In my current survey of almost 3,000 women veterans from every era (WWII to the present), for example, four in 10 said they were not told they were eligible. (More than a third of those women are still not enrolled with VA for health care — although technically VA has many other services to offer, including claims, home loans, education, even burial benefits.
In Dr. Montgomery’s study, all the women involved — more than 100,000 — are enrolled in VA for healthcare. This isn’t representative of all the women veterans in the U.S., nor does she imply that it is — it’s merely a characteristic of the specific dataset she had to work with. Mine is a little different, because — as an outsider — I was reaching out to women veterans who are positioned both inside and outside the VA system. Our results should vary somewhat, but it might be telling to see how, and begin to uncover why. (To recap, all of her women veterans in the study realized they were eligible and later enrolled. In mine, only a portion were told, and a subset of those enrolled.)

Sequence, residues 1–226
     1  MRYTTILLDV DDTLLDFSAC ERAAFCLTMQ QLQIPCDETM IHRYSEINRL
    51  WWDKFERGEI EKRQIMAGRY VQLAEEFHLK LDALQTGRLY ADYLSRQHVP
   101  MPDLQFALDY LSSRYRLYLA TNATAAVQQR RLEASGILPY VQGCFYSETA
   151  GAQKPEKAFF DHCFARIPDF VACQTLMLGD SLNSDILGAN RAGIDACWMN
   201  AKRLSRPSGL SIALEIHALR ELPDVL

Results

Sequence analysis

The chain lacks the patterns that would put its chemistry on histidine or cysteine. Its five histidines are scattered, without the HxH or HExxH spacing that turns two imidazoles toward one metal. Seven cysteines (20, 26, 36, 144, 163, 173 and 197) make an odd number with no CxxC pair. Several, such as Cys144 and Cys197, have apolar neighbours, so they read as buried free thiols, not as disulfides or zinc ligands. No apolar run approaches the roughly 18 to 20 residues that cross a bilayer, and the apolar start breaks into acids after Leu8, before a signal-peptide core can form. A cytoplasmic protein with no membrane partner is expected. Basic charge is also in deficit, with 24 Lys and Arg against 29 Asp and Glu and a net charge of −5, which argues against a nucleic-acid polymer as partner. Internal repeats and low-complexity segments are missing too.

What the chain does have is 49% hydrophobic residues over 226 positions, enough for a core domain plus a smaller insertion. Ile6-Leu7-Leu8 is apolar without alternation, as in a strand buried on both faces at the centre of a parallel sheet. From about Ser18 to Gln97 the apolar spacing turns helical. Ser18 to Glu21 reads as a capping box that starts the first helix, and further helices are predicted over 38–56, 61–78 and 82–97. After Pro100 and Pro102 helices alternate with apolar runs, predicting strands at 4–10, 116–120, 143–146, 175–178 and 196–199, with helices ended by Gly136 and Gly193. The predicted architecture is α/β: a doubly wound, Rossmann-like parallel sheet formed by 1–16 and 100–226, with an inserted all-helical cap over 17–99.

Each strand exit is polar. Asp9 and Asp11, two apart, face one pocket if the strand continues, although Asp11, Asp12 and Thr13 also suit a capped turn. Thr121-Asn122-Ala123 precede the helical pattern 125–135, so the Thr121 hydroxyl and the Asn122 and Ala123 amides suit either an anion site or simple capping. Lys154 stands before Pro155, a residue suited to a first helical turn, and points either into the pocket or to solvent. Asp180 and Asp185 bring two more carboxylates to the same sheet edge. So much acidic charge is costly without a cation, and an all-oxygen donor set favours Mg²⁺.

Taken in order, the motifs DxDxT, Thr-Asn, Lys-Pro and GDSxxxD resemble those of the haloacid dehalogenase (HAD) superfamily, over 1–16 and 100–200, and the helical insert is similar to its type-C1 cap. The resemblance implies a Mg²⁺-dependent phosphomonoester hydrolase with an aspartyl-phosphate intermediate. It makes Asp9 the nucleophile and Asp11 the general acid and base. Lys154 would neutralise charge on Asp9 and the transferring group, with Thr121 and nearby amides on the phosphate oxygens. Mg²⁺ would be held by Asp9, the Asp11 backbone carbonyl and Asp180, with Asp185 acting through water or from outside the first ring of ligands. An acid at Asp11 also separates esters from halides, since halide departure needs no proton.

Her general findings were that women in a middle-aged age bracket — not young (below 35) or older (above 65) were particularly at risk for homelessness; also if they were Black, or unmarried (this is just the women). And if they’re receiving VA healthcare, they’re less at risk.
I have some very different findings, and it might be interesting to speculate why. In my study, like hers, women veterans 65 years and older have much less chance than any other group of having experienced homelessness (about 1/4 the risk). But, I didn’t see a lower risk below age 35. The women veterans in my study tend to be younger, and many (30 percent) have fought in OEF/OIF conflicts, have seen combat (an exact one-third), or both (27 percent).